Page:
Sirius, also known as the ‘dog star’ or ‘sirius A’ is the brightest sky in the night sky. The name means ‘glowing’ in Greek, which is quite fitting seeing as there are only a few planets, the International Space Station and a full Moon that are brighter.
It’s certainly hard to miss this glowing spectacle in the sky.
Luminosity in astronomy refers to the intrinsic brightness of a star. Just to be clear, Sirius is the brightest or most ‘luminous’ star in Earth's sky, but it is not the brightest star in the universe. It could technically be described as an ‘ordinary’ star that appears especially bright because it is positioned relatively close to Earth - only 8,611 light years away.
Sirius is located in Canis Major constellation, in the southern celestial hemisphere. The Canis Major looks extraordinarily bright in the Earth's sky, no matter where you live.
Did you know? Sirius is more than 20 times brighter than the Earth’s Sun, and more than twice as big. Sirius is classified by astronomers as an “A” type star. That means it’s a much hotter star than our sun; its surface temperature is about 9,400 Celsius in contrast to our sun’s 5,500 C.
Many people have said they can see flashes of colour when they look at Sirius. This happens when the star is low in the sky. The colours are created in a similar way that rainbows are made - by the refraction of light. The colour changes are what happens when such a bright star as Sirius shines through the blanket of Earth’s atmosphere. The varying density and temperature of Earth’s air affect starlight, especially when looking at a star low in the sky.The bright ‘colours’ of of Sirius are more easily visible than other stars because it is brighter.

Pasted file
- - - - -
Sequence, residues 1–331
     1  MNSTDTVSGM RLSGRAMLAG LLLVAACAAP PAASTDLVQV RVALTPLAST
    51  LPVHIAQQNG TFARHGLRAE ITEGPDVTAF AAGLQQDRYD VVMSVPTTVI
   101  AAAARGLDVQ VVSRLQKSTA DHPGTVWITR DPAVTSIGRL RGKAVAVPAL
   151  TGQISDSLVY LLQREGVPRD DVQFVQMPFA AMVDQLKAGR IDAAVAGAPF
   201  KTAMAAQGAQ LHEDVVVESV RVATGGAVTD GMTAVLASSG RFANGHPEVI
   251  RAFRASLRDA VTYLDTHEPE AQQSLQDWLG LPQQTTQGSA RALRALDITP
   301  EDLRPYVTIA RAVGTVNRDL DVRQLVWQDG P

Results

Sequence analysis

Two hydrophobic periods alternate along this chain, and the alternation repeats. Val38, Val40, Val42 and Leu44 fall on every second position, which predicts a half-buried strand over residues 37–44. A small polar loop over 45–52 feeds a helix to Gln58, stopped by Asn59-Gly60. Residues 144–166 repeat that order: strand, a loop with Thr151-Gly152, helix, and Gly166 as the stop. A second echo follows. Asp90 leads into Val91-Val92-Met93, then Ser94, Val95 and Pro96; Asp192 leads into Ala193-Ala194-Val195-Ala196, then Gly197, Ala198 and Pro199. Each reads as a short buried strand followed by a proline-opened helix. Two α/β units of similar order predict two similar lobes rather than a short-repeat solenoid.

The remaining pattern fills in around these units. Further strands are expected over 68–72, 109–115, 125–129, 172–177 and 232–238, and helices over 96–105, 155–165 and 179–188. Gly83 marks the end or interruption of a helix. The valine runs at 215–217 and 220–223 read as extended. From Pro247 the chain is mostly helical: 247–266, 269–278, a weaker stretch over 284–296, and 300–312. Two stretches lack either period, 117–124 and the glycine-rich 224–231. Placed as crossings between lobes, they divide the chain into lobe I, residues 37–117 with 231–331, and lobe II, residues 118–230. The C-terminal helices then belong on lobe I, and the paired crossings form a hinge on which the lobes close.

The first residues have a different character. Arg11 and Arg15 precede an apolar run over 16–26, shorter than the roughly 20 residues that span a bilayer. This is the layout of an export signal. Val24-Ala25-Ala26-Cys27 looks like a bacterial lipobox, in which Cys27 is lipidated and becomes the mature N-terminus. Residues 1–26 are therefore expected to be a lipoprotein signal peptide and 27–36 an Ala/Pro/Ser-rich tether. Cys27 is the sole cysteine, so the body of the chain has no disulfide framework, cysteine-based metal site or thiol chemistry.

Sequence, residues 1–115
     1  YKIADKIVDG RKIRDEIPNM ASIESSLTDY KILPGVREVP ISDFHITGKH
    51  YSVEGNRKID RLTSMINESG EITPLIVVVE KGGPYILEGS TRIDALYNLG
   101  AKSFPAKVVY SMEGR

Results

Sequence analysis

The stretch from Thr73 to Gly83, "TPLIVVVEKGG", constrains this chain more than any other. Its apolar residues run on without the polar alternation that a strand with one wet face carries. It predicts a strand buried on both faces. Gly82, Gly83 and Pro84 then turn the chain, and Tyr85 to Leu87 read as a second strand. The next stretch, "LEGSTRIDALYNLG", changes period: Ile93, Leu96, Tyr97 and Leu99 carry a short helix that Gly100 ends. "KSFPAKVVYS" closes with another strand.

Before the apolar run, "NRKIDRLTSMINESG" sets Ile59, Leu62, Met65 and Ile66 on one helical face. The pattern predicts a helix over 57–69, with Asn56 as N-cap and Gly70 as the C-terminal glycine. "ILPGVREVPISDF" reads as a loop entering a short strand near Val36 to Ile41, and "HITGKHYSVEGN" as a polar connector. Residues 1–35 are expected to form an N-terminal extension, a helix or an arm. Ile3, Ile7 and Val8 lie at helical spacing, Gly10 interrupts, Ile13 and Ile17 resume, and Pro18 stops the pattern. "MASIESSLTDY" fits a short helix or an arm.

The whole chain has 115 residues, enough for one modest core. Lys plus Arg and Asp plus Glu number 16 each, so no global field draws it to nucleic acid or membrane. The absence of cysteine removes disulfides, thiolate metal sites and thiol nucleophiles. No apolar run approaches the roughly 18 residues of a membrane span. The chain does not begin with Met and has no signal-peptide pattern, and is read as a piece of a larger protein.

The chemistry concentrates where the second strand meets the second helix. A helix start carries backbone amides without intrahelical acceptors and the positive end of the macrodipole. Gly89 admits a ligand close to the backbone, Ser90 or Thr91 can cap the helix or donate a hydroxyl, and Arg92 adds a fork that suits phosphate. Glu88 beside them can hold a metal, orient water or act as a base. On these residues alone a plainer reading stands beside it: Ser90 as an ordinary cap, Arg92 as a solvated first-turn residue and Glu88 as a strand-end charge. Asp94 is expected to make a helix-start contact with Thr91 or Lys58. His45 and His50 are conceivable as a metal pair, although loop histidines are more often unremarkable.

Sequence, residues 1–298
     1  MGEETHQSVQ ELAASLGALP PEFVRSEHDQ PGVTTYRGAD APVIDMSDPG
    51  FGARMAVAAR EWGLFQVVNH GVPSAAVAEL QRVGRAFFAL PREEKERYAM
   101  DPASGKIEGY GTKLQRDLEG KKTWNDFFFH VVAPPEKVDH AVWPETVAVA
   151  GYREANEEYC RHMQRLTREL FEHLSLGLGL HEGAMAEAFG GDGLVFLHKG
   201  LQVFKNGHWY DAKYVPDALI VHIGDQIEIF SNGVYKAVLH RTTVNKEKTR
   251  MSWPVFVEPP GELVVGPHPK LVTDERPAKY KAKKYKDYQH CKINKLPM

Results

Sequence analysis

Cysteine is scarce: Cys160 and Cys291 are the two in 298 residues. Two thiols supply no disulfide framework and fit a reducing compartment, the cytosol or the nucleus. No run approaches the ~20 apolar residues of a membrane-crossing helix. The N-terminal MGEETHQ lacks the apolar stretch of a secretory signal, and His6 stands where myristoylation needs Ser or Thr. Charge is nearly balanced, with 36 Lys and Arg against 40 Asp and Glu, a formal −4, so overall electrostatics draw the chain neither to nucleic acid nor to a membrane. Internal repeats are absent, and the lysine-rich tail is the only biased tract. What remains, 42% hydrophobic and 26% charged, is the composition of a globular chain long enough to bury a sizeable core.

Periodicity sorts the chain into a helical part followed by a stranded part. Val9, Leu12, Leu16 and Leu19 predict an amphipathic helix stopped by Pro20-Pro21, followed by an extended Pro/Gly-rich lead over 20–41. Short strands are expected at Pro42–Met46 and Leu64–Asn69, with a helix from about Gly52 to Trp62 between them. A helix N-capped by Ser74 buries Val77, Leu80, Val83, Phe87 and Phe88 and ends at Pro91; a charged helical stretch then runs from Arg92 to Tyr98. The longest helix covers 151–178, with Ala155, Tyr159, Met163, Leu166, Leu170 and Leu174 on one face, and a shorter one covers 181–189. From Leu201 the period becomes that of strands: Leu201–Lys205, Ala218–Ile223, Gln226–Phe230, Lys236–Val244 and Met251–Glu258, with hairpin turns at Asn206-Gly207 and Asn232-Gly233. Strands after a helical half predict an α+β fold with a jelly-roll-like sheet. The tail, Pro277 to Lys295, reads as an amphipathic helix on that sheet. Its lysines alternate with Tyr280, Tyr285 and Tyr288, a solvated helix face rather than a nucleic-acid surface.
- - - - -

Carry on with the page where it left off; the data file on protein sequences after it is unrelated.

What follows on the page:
If you look, you will notice that Sirius shines less and looks less multi-coloured (more strictly white) when it appears higher in the sky.
There are brighter or more ‘luminous’ stars in the universe than Sirius. Many stars in the sky are intrinsically brighter than Sirius but appear dimmer because they are further away.
At least three stars in the constellation of Canis Major are believed to be thousands of times more luminous than Sirius: Aludra, Wezen, and Omicron 2.
Astronomers express the brightness of stars in terms of stellar magnitude. The smaller the number, the brighter the star.
The visual magnitude of Sirius is -1.44, ‘lower’ or brighter than any other star. There are brighter stars than Sirius in terms of actual energy and light output, but they are further away from Earth, which means they appear dimmer.
In conclusion, Sirius, the ‘dog star’ is the brightest star visible in the Earth’s sky.